Howzzat Butterfingers: A Review
The book, intended originally for children, appeals to all cross sections with its universal theme | By Hari Shanker
On Aug 18, 2010


It’s not easy for an author to connect seamlessly with his/her readers. He/she would have to face a plethora of hurdles to bridge the connectivity gap: the theme should be universal, the language should be simple, the reader should be able to visualise the story with ease.

Khyrunnisa A has struck the right chord with her book Howzzat Butterfingers.

The book, intended originally for children, appeals to all cross sections with its universal theme -- cricket; the sport that has evolved into the proportions of a religion in our country. Children are familiar with the tales of Butterfingers a.k.a. Amar Kishen, a regular comic strip in the children’s magazine ‘Tinkle’ since 2006.

As his nickname suggests, Amar is habitually clumsy with a penchant for dropping objects, from books to people (even elephants, as his friend Kishore remarks). An ardent cricket buff, he’s appointed the vice captain of the school cricket team. ‘It’s a matter of pride’ for the team to win the Colonel Nandkarni Under 15 Interschool  Limited Overs Cricket Trophy. But the task is far from easy. The team captain suddenly turns 15, the star all-rounder suffers an arm injury and the school may even lose its playground. The onus is on a bumbling Amar to lead his team to victory -- but he too has to face his demons of clumsiness which haunts him every now and then. How he tries to lead his team to victory forms the crux of the story.  

‘Butterfingers’ stands out with its simple-elegance. The story is simple and uncomplicated. It takes one back to his/her school days. Every minor facet of the story is explained with concise descriptions. Khyrunnisa has in fact measured her words to the right amount making no compromise on quality. Her style bears resemblance to English authors of the sixties -- a welcome relief from the new-age jargon of modern authors. Tongue-in-cheek humour has also been weaved into the plot, adding an endearing quality to it.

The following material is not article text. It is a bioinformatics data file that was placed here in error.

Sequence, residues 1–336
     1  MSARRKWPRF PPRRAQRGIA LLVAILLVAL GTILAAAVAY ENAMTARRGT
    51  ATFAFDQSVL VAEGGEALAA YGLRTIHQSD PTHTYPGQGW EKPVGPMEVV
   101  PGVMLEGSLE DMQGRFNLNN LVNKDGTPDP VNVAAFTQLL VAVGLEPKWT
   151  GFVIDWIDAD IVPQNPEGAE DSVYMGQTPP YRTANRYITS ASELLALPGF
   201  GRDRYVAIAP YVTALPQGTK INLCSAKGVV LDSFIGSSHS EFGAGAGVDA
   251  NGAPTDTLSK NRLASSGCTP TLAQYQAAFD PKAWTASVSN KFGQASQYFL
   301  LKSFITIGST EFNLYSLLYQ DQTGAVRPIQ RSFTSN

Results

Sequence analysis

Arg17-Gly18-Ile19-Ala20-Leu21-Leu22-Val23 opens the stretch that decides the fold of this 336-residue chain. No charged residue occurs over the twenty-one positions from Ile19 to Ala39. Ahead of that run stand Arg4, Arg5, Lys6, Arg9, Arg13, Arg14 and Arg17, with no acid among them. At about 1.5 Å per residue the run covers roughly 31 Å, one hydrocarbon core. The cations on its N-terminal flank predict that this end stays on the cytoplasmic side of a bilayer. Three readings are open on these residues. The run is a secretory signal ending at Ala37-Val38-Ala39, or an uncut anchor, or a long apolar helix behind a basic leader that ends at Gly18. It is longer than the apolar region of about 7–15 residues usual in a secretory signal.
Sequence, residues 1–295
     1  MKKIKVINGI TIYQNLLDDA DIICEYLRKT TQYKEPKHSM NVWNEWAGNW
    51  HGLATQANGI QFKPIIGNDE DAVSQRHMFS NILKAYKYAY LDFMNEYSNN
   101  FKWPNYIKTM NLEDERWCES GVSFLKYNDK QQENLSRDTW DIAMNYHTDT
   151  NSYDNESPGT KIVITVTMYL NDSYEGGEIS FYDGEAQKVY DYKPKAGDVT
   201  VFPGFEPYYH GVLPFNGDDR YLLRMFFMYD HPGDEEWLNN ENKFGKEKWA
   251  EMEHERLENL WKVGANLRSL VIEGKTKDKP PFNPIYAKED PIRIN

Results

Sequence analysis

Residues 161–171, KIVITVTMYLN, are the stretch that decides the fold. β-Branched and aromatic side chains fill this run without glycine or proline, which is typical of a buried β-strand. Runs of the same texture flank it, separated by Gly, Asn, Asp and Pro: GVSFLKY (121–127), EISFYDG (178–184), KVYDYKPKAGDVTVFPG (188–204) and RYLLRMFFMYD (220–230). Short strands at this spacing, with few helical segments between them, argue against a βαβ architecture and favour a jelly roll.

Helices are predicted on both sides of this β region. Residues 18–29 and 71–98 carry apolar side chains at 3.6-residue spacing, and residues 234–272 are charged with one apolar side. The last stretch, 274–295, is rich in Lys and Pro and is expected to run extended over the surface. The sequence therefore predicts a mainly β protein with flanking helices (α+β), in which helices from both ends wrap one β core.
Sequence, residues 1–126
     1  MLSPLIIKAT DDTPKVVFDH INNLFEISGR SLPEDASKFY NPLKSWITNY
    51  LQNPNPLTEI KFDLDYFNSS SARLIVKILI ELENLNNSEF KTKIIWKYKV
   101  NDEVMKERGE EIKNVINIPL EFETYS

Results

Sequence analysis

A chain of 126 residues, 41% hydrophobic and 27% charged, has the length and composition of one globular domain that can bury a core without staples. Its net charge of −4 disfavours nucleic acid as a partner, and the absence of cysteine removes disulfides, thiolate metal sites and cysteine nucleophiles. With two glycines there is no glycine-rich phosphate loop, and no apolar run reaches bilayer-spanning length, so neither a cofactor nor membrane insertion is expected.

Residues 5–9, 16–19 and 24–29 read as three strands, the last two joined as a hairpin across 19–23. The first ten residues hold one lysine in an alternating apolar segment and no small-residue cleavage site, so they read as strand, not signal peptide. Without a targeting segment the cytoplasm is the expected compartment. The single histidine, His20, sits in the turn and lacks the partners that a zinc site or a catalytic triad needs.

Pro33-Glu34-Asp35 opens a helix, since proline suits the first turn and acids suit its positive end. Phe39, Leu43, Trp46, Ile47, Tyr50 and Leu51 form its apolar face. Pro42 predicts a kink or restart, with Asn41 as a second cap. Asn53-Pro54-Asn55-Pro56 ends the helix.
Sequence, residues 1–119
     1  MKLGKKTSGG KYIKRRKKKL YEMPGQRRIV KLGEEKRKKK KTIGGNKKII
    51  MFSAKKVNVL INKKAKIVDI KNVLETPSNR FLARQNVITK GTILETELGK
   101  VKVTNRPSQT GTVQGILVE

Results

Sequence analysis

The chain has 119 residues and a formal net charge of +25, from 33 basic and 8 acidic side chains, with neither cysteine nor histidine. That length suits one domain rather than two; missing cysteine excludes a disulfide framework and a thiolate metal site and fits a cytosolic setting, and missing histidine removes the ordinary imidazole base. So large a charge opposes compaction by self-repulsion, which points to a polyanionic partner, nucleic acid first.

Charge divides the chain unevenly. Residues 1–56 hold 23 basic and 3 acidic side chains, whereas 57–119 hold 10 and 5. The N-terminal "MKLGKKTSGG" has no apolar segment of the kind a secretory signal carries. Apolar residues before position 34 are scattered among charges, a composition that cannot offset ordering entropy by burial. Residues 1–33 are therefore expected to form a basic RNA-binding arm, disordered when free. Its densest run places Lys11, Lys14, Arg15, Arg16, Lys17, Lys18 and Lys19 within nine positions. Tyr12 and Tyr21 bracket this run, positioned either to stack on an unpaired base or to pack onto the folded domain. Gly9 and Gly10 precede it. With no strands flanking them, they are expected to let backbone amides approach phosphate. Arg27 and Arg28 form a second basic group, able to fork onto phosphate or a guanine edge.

Khyrunnisa has brought out her characters (about 15 of them) impeccably. All lead characters are inspired by the author’s friends, and her son -- whose names have also been adapted for the book. This makes the characters sound real -- to the extent that one can actually visualise them.

The highlight of the book is cricket. Conciseness is Khyrunnisa’s forte, and one gets to see it in action, during descriptions of the interschool cricket matches. All matches are described in great detail - using the least number of words. A reader gets the feel of watching the match live; the excitement is palpable and infectious.

howzzat butterfingers review yentha

However, the book is not without flaws, albeit minute. At the end of the day, it is a book meant for children, and not all readers would be equally enamored by it. Besides, like all simple stories, the ‘happy ending’ is predictable. At 166 pages, the book is too short, and makes the reader yearn for more.

Nevertheless, the book is worth a read. At Rs 199, it’s cheap and worth every penny. It’s entirely endearing, and won’t take a lot of your time either.

Strongly recommended.

Yentha rating: 8/10
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